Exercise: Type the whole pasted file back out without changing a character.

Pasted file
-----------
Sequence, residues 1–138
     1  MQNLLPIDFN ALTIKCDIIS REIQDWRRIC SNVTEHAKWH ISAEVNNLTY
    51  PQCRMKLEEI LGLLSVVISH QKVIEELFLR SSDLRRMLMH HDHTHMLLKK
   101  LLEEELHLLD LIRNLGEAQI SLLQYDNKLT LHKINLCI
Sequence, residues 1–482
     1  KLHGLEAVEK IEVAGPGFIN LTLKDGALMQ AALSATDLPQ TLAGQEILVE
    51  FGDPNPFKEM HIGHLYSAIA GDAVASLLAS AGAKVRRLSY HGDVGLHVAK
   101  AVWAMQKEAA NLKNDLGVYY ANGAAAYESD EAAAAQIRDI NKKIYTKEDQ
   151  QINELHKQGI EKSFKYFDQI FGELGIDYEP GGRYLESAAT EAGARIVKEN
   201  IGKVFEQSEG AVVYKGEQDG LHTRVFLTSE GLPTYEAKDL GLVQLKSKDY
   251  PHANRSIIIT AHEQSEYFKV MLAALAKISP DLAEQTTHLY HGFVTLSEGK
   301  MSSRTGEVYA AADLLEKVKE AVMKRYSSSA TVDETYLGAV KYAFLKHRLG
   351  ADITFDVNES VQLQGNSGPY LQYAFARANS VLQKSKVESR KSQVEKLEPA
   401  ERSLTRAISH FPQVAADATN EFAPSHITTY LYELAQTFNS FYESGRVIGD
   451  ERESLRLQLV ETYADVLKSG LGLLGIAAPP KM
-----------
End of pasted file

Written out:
Sequence, residues 1–138
     1  MQNLLPIDFN ALTIKCDIIS REIQDWRRIC SNVTEHAKWH ISAEVNNLTY
    51  PQCRMKLEEI LGLLSVVISH QKVIEELFLR SSDLRRMLMH HDHTHMLLKK
   101  LLEEELHLLD LIRNLGEAQI SLLQYDNKLT LHKINLCI
Sequence, residues 1–482
     1  KLHGLEAVEK IEVAGPGFIN LTLKDGALMQ AALSATDLPQ TLAGQEILVE
    51  FGDPNPFKEM HIGHLYSAIA GDAVASLLAS AGAKVRRLSY HGDVGLHVAK
   101  AVWAMQKEAA NLKNDLGVYY ANGAAAYESD EAAAAQIRDI NKKIYTKEDQ
   151  QINELHKQGI EKSFKYFDQI FGELGIDYEP GGRYLESAAT EAGARIVKEN
   201  IGKVFEQSEG AVVYKGEQDG LHTRVFLTSE GLPTYEAKDL GLVQLKSKDY
   251  PHANRSIIIT AHEQSEYFKV MLAALAKISP DLAEQTTHLY HGFVTLSEGK
   301  MSSRTGEVYA AADLLEKVKE AVMKRYSSSA TVDETYLGAV KYAFLKHRLG
   351  ADITFDVNES VQLQGNSGPY LQYAFARANS VLQKSKVESR KSQVEKLEPA
   401  ERSLTRAISH FPQVAADATN EFAPSHITTY LYELAQTFNS FYESGRVIGD
   451  ERESLRLQLV ETYADVLKSG LGLLGIAAPP KM